I was discussing Travis County Proposition 1 at lunch today with a co-worker whose house is worth about double what mine is. The proposition will increase Travis County taxes by 5 cents per 100 dollars of value. Now whether you think that’s a big tax increase may have a lot to do with how the county appraises your homes value. In my case it’s some money, but not big money. For people whose houses are worth twice as much as mine it’s a big deal.
But I think we’re arguing about the wrong thing. In Texas, the value of your house is a much bigger issue than your tax rate. We could cut the tax rate in half, but if my co-worker’s house doubles in value again in 5 years he still has the same exact problem. And if my house doubles in 5 years (which it easily could), I’ll start having my co-worker’s problem.
So the question about preserving affordable housing in Austin has jack to do with tax rates. It has to do with slowing real estate appreciation. No one wants that. But they also don’t want huge tax bills. So lets call it managing our real estate appreciation.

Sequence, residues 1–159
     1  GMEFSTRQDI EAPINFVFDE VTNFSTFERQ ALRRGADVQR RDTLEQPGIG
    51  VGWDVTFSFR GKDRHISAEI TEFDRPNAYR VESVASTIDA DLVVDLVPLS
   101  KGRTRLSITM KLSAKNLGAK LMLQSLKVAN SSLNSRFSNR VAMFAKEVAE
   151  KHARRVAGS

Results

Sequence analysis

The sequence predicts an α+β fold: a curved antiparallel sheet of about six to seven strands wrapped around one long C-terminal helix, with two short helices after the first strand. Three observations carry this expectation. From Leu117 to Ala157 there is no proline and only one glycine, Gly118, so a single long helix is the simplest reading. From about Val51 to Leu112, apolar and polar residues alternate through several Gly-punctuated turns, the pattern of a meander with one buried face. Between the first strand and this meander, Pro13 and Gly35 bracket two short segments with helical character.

Ultimately we need more supply in Austin. Pretty much everyone would love to live in the central city, which is why the prices are so high. So we need to focus on building more housing in the central city. And, frankly everywhere.
Neighborhoods fight the city all the time on a number of issues. We tend to think about those issues as having no cost. But think about 10 people moving to Austin. A builder is planning on building a 100 unit housing complex in your neighborhood and there are 2 homes for sale. If the neighborhood allows the housing complex and its built in time all those people will be able to find a house without making the price of homes in your neighborhood rise. But if there is a fight and the new housing is delayed all 10 people will be competing for those 2 houses. And they’ll almost certainly pay more for the house raising the value of your house. Which raises the value of your tax bill.
Now I think there are reasonable reasons to fight development. But being reflexively anti-development is very, very bad for your tax bill. And the tax rate has little to do with it.